Dunkirk is my favourite film from 2017. I love the way Christopher Nolan has managed to tell the story of the film in three different time frames and from three different perspectives. All of the different aspects of the film work really well together from the acting to the film's score, as well as the real story of the Dunkirk evacuation being told truthfully.

Other Favourites: La La Land; Wonder Woman; Murder on the Orient ExpressSplit

Amy, 17

Favourite Film: Loving Vincent

Loving Vincent is one of a kind: signature swirling night skies, rolling countryside fields, it's sensational to think that all 65,000 frames of this breathtaking homage to Vincent Van Gogh were painstakingly hand-painted in oil to create a feat of storytelling and animation which will most likely never be achieved again.

Other Favourites: Baby Driver; Call Me By Your Name; A Ghost Story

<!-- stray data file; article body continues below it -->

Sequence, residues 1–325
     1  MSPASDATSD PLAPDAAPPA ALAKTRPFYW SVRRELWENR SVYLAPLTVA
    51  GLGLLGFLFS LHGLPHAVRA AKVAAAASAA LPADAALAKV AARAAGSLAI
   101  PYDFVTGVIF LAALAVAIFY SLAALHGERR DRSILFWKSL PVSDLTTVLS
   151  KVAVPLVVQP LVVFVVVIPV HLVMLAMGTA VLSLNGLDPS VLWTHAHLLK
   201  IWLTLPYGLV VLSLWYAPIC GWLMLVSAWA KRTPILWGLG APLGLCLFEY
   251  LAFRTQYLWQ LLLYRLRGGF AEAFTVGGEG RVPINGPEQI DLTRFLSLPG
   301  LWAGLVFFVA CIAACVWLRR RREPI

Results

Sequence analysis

Ava, 16

Favourite Films: The Space Between Us; Wonder; Baby Driver; Beauty and the Beast

Eve G, 16

Favourite Films: Hidden Figures; Mudbound; Wonder Woman; Dunkirk; Beauty and the Beast

Archie, 14

Favourite Films: Guardians of the Galaxy: Vol. 2; Dunkirk; Star Wars: The Last Jedi; Thor: Ragnarok; Paddington 2

Eden, 16

Favourite Films: A Ghost Story; The Florida Project; Wind River; Call Me By Your Name

Danielle, 17

Favourite Films: Guardians of the Galaxy: Vol. 2; Beauty and the Beast; Thor: Ragnarok; Blade Runner 2049

Alexa, 17

Favourite Films: La La Land; Baby Driver; Spider-Man: Homecoming; Battle of the Sexes; Get Out

Hear more from the Curation Team as they discuss some of their favourite films in our Into Film Recommends Podcasts. Also available on itunes.

Michael Prescott

Michael Prescott, Curation Coordinator

Michael has an MA in Film Studies with Screenwriting from Sheffield Hallam University. He has previously worked at the British Council and on the BFI Film Academy, and has volunteered at organisations including Sheffield Doc/Fest and Cinema for All.